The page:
World Travel Watch: Protests in Nepal, Tensions in Nicaragua and More

World Travel Watch: Larry Habegger rounds up global travel news

11.05.09 | 7:47 AM ET

World Travel Watch is a weekly report designed to help you make informed judgments about travel. Conditions can change overnight, so always make your own inquiries before you leave home. The U.S. State Department and embassies or consulates are good places to start.

China: Security Crackdown in Xinjiang

Authorities launched a crackdown in far western Xinjiang province where ethnic riots in July killed nearly 200 people. The government shut down long-distance phone lines and internet access in the region and is hunting down people who took part in the riots. The “Strike Hard” campaign is set to run through the end of the year and is also targeting “terrorists.” Hundreds of people have already been arrested and nine sentenced to death for their role in the riots. Security is likely to be high in the region at least until January.

Nepal: Maoists Protest in Kathmandu

Nepal has more tourists visiting now than it has had in more than a decade, but the opposition Maoist party may put a damper on peak season with a series of anti-government protests in Kathmandu. They hoped to paralyze the capital city and surrounding valley by blocking all roads leading into Kathmandu Valley and shutting down the international airport on Nov. 10, but called off the airport closure after their leader, Prachanda, met with foreign diplomats who stressed how damaging it would be to Nepal’s economy. Officials placed the army and police on high alert to prevent violence. The Maoists fought a 10-year insurgency before agreeing to a peace accord and winning the national election in 2008, but withdrew from the government when Prachanda’s attempt to fire the army head was overruled. A Maoist spokesman said the protests would be peaceful, but violence is possible and mass gatherings should be avoided. A large demonstration is planned for Kathmandu’s Singh Durbar area Nov. 12-13.

Nicaragua: Court Drops Presidential Term Limits, Tempers Flare

Political maneuvering by President Daniel Ortega and six Sandinista judges on the Supreme Court to eliminate a constitutional term limit created a political crisis that opposition leaders and the U.S. ambassador said was undermining the country’s democracy. According to opposition judges on the Supreme Court, only the legislature has the authority to change the constitution, so the ruling to scrap the limits should not be valid, especially considering that it was made after all of the other judges had left for the day. The crisis brought out large numbers of pro-Sandinista protesters who demonstrated outside the U.S. Embassy for several days, throwing bottles and homemade explosives at the building and demanding the ambassador’s ouster. Tensions are likely to remain high. Ending term limits will allow President Ortega to run for reelection in 2011.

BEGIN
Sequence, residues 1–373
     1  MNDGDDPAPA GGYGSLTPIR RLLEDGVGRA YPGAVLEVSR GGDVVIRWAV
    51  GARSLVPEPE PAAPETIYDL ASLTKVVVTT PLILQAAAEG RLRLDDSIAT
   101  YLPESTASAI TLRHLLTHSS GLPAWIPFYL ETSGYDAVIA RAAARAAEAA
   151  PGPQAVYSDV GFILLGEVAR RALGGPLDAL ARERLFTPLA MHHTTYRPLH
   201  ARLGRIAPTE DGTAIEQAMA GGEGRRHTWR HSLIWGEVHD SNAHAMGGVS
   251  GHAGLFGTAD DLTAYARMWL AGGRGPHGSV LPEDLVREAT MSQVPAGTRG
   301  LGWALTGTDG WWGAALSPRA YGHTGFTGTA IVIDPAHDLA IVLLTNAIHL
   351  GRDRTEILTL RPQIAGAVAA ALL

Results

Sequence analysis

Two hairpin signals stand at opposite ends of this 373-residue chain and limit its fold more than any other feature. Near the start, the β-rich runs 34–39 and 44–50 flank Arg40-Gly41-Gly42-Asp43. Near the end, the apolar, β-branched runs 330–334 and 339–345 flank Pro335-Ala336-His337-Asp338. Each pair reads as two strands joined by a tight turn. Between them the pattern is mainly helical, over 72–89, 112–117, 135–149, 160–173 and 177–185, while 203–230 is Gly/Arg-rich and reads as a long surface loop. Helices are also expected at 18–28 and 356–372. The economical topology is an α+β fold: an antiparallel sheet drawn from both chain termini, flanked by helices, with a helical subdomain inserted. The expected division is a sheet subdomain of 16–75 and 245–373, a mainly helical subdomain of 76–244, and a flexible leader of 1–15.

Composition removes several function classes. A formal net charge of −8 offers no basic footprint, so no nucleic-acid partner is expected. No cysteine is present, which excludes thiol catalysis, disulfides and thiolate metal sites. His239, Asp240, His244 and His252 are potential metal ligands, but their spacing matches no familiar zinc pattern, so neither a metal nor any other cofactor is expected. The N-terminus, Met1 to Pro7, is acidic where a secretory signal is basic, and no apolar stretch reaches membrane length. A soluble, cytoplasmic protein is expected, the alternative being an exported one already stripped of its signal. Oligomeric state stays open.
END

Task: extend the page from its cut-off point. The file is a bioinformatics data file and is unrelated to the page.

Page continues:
Serbia: U.S. Embassy Calls Seven Belgrade Bars and Clubs Off-Limits

Belgrade is considered a generally safe city, but the U.S. Embassy issued a list of establishments there that Embassy personnel and travelers should avoid because of repeated violent incidents. The seven bars and clubs are Stefan Braun, Vanila next to the SPS office building, H2O boat restaurant behind Hotel Jugoslavija, Mistik below Tasmajdan park, Blaywatch, Teatro across from the Hotel Rex and Ambis behind the Belgrade Fair. In September, a string of violent incidents in the city prompted the Embassy to issue an alert informing expatriates and tourists of the trend.

Venezuela: Water Shortage Results in Rationing in Caracas, Blackouts in the South

An unusually dry rainy season has created a water shortage in Caracas, where officials imposed rationing that could shut off water to large parts of the city for as long as 48 hours. The rationing is likely to remain in place for six months as the country awaits the next rainy season. The lack of water also means a reduction in hydropower, causing frequent blackouts in southern parts of the country and prompting government calls for conserving electricity. Both problems are likely to last well into the new year.



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